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The Computer Fraud and Abuse Act Is Not Nearly As Broad As Some Prosecutors Claim: Van Buren v. U.S.

June 4, 2021


I Find Authority Always Wins, or how a police officer – bribed to check a license plate – got SCOTUS to clarify one of the vaguest laws on the books.

The Computer Fraud and Abuse Act (“CFAA”), 18 U.S.C. § 1030, provides both criminal penalties and civil remedies for accessing information on a computer system without “authorization.” But because the statute does not define what “authorization” is, the courts have sharply split over what the CFAA covers.

Suppose an employee, who is unquestionably entitled to access his or her employer’s system at the time, uses that pathway to obtain the company’s confidential information and thereafter uses the information to the company’s detriment. Is the employee liable under the CFAA? At the time of the access, he or she had the employer’s authority to use the system – yet the employee’s use was actually a direct betrayal of the employer. Had the employer known what the employee was actually doing, they would never have granted permission.

Or suppose a publicly-available website imposes Terms of Service that require the input of certain information before a user can interact with the site or sets limits on what a user is permitted to do on the site. If a user does not comply with the TOS, but nevertheless uses the website, can they be prosecuted?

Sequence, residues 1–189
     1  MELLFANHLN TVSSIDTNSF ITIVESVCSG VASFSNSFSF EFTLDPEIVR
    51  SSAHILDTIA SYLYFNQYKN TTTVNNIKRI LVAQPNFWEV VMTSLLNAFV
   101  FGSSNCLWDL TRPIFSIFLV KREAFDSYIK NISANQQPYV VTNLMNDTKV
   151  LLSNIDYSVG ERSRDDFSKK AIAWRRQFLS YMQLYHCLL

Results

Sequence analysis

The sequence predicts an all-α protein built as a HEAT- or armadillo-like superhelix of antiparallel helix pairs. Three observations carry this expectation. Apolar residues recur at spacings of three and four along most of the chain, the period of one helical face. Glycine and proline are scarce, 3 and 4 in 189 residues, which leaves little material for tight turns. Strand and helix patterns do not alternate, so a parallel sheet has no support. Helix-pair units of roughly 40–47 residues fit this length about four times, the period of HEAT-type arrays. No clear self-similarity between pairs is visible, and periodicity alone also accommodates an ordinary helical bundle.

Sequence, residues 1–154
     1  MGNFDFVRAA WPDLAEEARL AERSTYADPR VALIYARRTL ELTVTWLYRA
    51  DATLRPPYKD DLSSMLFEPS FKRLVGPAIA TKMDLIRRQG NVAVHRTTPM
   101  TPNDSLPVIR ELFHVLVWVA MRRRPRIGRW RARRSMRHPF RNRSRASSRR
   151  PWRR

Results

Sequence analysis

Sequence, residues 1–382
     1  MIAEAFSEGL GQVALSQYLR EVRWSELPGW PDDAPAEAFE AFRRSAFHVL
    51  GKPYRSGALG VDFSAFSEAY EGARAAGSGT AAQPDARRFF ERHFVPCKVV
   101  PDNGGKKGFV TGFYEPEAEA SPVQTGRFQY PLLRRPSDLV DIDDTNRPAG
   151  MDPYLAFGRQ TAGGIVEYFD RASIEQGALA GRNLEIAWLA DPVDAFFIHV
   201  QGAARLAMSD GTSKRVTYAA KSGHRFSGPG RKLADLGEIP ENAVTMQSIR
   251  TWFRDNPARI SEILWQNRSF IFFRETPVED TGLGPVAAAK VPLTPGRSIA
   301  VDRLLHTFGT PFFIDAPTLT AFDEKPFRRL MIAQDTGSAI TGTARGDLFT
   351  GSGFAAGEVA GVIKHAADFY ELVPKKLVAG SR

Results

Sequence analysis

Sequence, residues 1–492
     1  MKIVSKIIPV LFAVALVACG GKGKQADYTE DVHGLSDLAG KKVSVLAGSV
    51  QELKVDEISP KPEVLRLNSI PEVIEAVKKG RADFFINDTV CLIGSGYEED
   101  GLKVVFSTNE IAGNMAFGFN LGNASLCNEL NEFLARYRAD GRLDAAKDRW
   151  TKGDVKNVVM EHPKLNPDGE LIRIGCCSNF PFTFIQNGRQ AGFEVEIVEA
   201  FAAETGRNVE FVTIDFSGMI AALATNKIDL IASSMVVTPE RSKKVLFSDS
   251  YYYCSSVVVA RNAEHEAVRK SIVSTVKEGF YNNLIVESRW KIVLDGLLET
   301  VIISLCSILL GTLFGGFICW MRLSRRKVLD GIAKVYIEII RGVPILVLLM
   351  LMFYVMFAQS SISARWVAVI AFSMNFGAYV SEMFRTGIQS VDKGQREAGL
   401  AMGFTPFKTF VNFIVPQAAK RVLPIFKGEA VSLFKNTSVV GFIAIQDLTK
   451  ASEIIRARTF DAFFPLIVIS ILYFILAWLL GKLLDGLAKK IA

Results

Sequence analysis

Due to a circuit split, liability, or guilt, depended on where the case was filed – until now, thanks to the Supreme Court’s ruling in Van Buren v. United States, Oct. Term 2020 No. 19-783 (June 3, 2021). Van Buren was a police sergeant in Georgia. An acquaintance of his (Albo, who apparently was known to pay certain women to “spend time” with him and then accuse the women of stealing his money) gave Van Buren thousands of dollars in cash and asked him to check law enforcement computer files regarding a woman who had attracted Albo’s attention. Van Buren ran the requested checks, using his duly-issued credentials, only subsequently to learn that Albo was actually cooperating with law enforcement and that the whole thing was a trap. He was convicted of violating the CFAA for “exceeding his authorized access” in running the computer checks, and the 11th Circuit affirmed.

The Supreme Court granted certiorari to consider how to properly interpret the CFAA’s “authorization” element. Van Buren was unquestionably a legitimate user of the police database at the time he checked it and was fully entitled to access the information he obtained. Yet the purpose for which he obtained that information was, just as unquestionably, not that which was intended or expected. So the ultimate question was whether Van Buren could properly be convicted if he had a right to the information for a legitimate purpose, but obtained that information for an illegitimate purpose.

Yesterday, the Court ruled in favor of Van Buren, concluding that since he was authorized to use the database he did not violate the CFAA even though his use was for an improper purpose. In its 6-3 ruling, Justice Comey’s majority opinion relied primarily on the text of the Act itself – in particular, the key phrase “entitled so to obtain” – as crucial to its conclusion that the CFAA is limited by its terms to situations where the method of obtaining the information was unauthorized.

After yesterday’s ruling, there are still plenty of ways to hold the true “hacker” accountable. But the CFAA’s use – both by prosecutors and plaintiffs –  should be curtailed, which is good news for the many Internet users who pay little attention to Terms of Service or have not memorized Acceptable Use policies. For them, failing to read the fine print may have consequences, but they probably won’t be criminal.